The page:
BAD news from Zimbabwe. Soldiers and police have reacted violently to protests on the street, after the new government doubled the price of oil. We have been here before, of course, with this combination of extreme economic incompetence and brutally repressive behaviour. But then the functionaries of the new government are the same individuals as served Robert Mugabe for the previous 38 years. A snake can shed its skin, but it remains a snake, as the African proverb has it.
Yet the West cannot look with superiority on the place that we used to call “the dark continent”. The wealthiest and most powerful nation in the world, the United States, currently has a government shut down by self-inflicted political paralysis. Here, in Britain, our Prime Minister has just suffered the biggest defeat in parliamentary history, and yet stumbles on, as if in some parallel universe, reoffering tweaked versions of the deal that has been so soundly rejected. A second referendum, she claims, would risk social cohesion, as if we have any at present anyway.
Can it be a coincidence that there is political chaos in so many places? And we have not even mentioned the new demagogue President in Brazil, or the perils to peace from politicians in the Middle East, Russia, Korea, and China.
All my life, I have cherished the notion that, despite occasional setbacks, there is a basic progress in the history of humankind. Now, the niggling thought occurs that perhaps history is circular rather than linear. Maybe Hobbes was right, and anarchic conflict is integral to human existence — something that it was easy to forget throughout the past half a century of peace and prosperity, which could now turn out to have been a happy anomaly.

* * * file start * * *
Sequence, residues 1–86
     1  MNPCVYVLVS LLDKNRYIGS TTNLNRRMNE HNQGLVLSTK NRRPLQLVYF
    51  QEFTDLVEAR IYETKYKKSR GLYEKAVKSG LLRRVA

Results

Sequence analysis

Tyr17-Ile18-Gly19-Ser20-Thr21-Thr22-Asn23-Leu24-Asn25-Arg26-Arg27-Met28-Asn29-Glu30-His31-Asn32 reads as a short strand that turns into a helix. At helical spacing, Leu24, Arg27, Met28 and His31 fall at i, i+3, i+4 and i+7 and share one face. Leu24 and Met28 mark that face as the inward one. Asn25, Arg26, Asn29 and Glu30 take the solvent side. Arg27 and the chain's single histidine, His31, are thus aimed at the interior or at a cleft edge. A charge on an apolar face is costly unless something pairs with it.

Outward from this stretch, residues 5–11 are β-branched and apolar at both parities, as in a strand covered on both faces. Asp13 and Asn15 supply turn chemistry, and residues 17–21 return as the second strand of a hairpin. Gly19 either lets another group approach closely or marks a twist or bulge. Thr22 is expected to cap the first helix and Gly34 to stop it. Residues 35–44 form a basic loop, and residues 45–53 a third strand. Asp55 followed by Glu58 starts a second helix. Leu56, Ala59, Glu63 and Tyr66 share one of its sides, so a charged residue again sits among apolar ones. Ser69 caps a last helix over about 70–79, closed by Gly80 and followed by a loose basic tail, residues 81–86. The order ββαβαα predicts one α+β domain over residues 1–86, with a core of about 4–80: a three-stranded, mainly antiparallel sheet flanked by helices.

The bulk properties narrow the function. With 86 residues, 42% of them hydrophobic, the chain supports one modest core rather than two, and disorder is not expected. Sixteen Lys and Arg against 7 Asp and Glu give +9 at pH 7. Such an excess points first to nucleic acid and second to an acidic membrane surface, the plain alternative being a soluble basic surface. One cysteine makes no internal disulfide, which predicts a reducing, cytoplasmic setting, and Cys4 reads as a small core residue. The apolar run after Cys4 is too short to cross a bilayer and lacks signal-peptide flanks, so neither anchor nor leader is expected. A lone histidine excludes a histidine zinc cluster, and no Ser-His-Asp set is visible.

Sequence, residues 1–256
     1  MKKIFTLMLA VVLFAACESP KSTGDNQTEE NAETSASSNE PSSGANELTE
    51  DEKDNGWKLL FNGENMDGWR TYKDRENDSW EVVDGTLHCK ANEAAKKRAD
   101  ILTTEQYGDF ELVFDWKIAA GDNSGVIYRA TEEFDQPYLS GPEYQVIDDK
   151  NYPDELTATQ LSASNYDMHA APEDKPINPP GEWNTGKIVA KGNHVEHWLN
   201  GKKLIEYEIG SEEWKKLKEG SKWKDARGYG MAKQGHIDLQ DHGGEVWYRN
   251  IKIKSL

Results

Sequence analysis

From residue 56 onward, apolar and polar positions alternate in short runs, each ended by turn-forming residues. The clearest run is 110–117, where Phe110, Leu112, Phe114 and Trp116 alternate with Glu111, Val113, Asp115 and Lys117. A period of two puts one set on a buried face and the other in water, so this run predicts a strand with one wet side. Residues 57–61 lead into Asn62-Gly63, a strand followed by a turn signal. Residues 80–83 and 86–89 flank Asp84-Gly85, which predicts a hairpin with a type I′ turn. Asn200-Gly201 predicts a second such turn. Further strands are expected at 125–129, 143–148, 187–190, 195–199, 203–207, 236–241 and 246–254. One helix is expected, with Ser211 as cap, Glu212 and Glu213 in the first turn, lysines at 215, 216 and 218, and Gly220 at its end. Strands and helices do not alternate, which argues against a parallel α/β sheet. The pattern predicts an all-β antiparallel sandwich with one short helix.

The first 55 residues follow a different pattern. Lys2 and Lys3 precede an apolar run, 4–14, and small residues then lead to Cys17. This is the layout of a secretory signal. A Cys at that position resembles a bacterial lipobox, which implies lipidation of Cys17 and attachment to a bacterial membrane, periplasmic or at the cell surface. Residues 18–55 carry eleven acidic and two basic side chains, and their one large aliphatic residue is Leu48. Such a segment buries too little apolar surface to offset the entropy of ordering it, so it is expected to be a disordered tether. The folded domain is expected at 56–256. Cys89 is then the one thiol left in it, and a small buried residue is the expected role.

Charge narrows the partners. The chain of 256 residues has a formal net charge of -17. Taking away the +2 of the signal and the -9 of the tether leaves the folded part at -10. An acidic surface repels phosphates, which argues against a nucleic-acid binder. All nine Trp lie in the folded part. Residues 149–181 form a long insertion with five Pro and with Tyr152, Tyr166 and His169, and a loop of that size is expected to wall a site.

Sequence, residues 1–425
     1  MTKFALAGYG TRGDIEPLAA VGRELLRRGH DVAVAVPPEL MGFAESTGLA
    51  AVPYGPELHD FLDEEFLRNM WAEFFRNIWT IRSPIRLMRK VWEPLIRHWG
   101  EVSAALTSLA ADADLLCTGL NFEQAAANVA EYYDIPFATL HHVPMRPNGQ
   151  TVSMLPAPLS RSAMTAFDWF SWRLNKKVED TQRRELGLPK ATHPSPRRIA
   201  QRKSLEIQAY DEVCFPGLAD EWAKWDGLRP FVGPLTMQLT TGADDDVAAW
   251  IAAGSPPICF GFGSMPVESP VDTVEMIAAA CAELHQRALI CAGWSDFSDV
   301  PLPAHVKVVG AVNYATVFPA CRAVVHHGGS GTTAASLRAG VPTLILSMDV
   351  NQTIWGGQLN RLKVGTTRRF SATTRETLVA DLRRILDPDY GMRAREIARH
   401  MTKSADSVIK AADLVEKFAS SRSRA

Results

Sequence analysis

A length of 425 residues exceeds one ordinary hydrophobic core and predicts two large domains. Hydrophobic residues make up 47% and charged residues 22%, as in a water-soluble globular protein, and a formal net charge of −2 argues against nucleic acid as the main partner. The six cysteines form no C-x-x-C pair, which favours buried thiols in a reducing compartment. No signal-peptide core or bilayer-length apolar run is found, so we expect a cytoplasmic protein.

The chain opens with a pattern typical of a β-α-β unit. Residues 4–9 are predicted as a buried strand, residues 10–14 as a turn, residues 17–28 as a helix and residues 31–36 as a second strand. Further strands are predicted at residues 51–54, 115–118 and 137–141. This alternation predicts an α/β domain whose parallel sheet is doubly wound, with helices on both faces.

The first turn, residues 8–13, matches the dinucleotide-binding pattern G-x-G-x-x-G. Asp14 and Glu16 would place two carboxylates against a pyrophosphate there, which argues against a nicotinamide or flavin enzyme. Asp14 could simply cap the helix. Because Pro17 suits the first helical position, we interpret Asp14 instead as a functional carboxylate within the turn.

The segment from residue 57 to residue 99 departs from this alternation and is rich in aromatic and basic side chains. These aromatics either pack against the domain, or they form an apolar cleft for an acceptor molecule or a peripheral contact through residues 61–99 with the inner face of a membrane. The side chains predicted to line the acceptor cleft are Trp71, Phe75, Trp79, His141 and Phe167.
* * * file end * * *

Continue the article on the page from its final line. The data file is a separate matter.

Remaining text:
Whatever the rights and wrongs of Trump and Brexit, they have been a salutary reminder that, even in the affluent West, there are swaths of discontented alienated people who have been left behind by the benefits of globalisation. Careless elites in Britain, Europe, and the Americas — as in Africa — are now paying the price of having neglected that fact.
The result feels as much a spiritual crisis as a political or economic one. In the face of the morning news, it is easy to succumb to a numb despair. Despair, I recall from my schoolboy Catholic catechism, is one of the manifestations of “the sin which cannot be forgiven”, to which Jesus refers in Matthew 12.31. Other expressions of it, I recall, included presumption, impenitence, and obstinacy. I wonder whether Theresa May had an Anglican version.
The problem with despair is that it locks us into a self-fulfilling prophecy. This morning, I was just about to switch off the relentless news on Radio 4 to escape to Petroc Trelawny’s world of delight and creativity on Radio 3. But, just then, the indefatigable Fergal Keane came on talking about the new Prime Minister of Ethiopia, Dr Abiy Ahmed, who has released political prisoners, created an ethnically balanced government, and opened the country up to the investment that will bring growth.
The good news is out there, but you have to listen for it.